One Bear of a Hike

Thursday, February 23, 2012

You can call it a slog, a grind, or even a death march, but our hike up to Rocky Top this past Saturday was definitely one bear of a hike.

Kathy and I paid a visit to the Great Smoky Mountains this past weekend to do a little hiking. On Saturday we made the 12.6-mile roundtrip hike up to Rocky Top. It would be the first real hiking adventure we’ve done since our trip to Glacier National Park last August. We were both pretty shocked to discover how tough this trail really is. Last time we hiked it, back in 2008, we had no problems. Although we both ride bikes when it’s warm enough, and walk when it’s colder, we obviously got out of hiking shape pretty quickly. Since I walk at least 3 or 4 miles per day, 6 days a week, I thought for sure that this would have been enough training for this spur-of-the-moment trip. Obviously I was wrong. I guess having added a couple of pounds over the winter didn’t help either!

By the time we made it up to Spence Field our legs were already shot. And we still had 1.2 miles and another 550 feet of climbing left before reaching our destination. Even after reaching Rocky Top we still had more climbing ahead of us. In between Rocky Top and Spence Field are two short, but steep climbs, that left us completely spent. Three days later, my calves were still sore! I know, pathetic…

Below are a couple of photos from our hike.

This photo was taken along the upper portions of the Bote Mountain Trail. Notice how the trail has sunken a couple of feet below the ground on either side of the trail. Prior to the establishment of the Park settlers in Cades Cove used the trail to drive cattle up to Spence Field for the summer. This allowed them to use the fields in the Cove for growing crops. My guess is that the sunken pathway is the result of trampling by cattle, and the subsequent erosion over the years:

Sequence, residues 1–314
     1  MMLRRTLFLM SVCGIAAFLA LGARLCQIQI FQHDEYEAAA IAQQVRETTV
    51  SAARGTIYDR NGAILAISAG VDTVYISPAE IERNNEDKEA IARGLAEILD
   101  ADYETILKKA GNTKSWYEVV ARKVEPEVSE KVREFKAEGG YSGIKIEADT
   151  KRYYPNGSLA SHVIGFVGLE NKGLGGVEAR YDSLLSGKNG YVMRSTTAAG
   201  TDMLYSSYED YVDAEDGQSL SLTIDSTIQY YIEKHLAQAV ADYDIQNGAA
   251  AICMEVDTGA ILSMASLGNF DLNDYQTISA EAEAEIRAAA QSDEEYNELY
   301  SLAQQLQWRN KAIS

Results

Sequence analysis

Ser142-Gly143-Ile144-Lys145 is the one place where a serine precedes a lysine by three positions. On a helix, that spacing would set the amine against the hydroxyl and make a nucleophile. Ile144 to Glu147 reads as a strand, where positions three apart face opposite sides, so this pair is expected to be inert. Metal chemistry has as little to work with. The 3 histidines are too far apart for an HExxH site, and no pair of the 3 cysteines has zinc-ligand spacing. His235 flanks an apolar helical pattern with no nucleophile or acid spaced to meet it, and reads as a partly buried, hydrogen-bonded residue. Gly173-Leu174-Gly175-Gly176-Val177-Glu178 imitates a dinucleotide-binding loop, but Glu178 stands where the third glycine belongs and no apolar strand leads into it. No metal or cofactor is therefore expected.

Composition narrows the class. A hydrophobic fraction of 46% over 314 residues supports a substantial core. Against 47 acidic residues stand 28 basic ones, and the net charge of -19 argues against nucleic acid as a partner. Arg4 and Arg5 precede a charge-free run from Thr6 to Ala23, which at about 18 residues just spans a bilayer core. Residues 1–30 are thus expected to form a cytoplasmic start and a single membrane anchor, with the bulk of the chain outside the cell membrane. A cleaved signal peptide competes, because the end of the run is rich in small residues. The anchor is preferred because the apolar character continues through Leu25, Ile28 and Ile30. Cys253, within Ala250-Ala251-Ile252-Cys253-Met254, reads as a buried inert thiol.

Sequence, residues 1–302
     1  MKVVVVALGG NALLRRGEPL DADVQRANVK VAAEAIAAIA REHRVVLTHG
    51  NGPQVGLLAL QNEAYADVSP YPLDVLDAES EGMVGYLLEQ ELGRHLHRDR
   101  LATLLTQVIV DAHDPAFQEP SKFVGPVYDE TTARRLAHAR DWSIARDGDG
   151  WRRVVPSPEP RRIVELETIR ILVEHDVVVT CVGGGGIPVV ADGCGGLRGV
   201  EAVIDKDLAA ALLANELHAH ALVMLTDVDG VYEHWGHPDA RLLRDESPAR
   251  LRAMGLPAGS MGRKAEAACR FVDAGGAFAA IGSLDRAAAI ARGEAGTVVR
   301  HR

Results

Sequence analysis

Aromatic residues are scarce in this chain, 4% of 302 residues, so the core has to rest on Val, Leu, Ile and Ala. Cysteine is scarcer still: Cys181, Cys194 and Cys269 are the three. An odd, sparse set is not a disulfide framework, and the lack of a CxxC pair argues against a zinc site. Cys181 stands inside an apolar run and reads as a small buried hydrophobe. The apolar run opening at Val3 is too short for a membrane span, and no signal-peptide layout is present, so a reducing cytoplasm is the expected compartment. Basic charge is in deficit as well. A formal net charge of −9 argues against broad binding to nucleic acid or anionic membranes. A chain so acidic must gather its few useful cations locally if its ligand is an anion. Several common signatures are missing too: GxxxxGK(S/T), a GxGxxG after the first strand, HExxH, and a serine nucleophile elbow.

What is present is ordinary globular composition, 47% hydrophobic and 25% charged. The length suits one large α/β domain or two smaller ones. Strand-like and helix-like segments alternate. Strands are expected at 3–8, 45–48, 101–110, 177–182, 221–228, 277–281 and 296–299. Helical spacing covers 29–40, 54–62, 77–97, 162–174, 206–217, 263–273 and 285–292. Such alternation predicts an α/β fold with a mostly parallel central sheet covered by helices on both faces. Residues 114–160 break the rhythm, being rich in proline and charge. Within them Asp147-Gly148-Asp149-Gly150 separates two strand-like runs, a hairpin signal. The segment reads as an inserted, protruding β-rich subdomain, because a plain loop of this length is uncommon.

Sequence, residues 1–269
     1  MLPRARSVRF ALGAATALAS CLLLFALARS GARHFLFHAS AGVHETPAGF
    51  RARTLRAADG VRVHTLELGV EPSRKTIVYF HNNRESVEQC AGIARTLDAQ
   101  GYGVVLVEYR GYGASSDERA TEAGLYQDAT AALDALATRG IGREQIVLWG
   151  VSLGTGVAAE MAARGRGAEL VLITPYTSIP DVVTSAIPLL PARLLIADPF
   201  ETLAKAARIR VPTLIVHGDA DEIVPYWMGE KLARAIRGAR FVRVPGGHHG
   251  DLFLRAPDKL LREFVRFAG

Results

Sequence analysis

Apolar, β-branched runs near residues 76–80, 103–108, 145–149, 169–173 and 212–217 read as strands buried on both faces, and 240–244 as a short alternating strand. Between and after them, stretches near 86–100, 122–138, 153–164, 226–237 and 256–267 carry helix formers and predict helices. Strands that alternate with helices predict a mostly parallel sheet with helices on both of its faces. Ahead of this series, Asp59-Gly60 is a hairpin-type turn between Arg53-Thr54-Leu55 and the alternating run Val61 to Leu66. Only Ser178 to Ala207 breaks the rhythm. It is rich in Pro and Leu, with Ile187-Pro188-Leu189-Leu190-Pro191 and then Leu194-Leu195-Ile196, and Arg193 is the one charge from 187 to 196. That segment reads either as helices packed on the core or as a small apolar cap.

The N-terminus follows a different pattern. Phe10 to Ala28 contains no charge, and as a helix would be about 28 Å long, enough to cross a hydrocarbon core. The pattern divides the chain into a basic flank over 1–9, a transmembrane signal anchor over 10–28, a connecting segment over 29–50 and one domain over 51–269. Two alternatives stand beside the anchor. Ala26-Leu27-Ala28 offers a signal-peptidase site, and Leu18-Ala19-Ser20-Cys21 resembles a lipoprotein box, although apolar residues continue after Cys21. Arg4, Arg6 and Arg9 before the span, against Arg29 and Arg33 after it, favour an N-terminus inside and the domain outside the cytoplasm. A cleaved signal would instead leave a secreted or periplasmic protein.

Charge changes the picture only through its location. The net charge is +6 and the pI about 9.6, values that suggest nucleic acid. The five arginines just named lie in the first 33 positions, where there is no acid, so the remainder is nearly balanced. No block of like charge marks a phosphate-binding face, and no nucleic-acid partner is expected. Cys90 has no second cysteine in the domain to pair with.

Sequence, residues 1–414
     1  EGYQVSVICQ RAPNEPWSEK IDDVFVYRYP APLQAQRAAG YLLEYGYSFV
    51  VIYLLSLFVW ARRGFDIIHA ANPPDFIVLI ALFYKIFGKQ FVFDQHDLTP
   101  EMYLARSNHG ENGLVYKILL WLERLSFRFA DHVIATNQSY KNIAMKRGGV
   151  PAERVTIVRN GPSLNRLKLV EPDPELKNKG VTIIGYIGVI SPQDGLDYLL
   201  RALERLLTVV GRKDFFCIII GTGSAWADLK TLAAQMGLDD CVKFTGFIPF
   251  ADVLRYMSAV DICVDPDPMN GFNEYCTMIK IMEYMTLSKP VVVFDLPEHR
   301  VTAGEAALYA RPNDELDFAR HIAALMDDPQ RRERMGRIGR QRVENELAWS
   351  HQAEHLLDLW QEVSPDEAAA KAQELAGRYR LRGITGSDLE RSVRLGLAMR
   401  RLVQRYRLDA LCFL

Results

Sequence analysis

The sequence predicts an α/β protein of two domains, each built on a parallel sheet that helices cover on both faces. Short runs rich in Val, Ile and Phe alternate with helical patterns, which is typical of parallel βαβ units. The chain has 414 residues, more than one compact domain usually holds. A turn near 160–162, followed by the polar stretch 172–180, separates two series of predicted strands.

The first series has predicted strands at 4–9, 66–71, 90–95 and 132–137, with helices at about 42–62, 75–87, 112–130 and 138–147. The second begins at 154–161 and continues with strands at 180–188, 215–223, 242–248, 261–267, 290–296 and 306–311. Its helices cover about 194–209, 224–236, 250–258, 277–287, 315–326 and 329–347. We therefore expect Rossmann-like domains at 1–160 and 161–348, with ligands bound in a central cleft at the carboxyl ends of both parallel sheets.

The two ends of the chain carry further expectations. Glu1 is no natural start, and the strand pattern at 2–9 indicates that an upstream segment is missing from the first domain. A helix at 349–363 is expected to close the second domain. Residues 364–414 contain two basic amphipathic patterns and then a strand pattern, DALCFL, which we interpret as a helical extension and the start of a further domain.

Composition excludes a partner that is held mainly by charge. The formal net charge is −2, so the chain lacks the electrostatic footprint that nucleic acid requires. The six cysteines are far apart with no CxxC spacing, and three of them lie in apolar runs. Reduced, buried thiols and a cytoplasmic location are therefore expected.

Rocky Top is a rock outcropping on the western side of Thunderhead Mountain. The true summit of Thunderhead (elev: 5527 feet) is roughly two-thirds of a mile further up the trail. Due to tall shrubs growing near the summit, Rocky Top provides much better views. This photo is looking towards Clingmans Dome and Mt. LeConte from Rocky Top:

Panoramic of the North Carolina Smokies and the Nantahala Mountains:

Looking towards Gregory Bald just below the 5379-foot summit of Rocky Top:

Kathy, on our way back down, near one of the saddles between Rocky Top and Spence Field:

For more detailed information on hiking to Rocky Top you can click here.



Erin @ Brownie Bites said...

This is one trail that we have yet to try! I've heard stories about how difficult it is. We meant to do it last fall when the colors are ripe, but never got the chance.

The Smoky Mountain Hiker said...

Erin - no doubt this would be a great hike in the fall - but you might want to consider doing this in mid-June when the mountain laurel is in full bloom on Spence Field. It's by far the most I've ever seen - it's quite a spectacle!

D said...

A friend and I did this hike last summer on a day when it was in the 90's. Unfortunately it was too hazy on top to see very much. It's definitely a hike that I want to do again under better conditions.

The Smoky Mountain Hiker said...

D - you should definitely do it again when it's clearer. In my opinion, it's the best hike in the park....

Anonymous said...

I have to agree that it's one of the best hikes in the park. The Mountain Laurel is spectacular when in bloom, but a late winter hike will probably give you better views!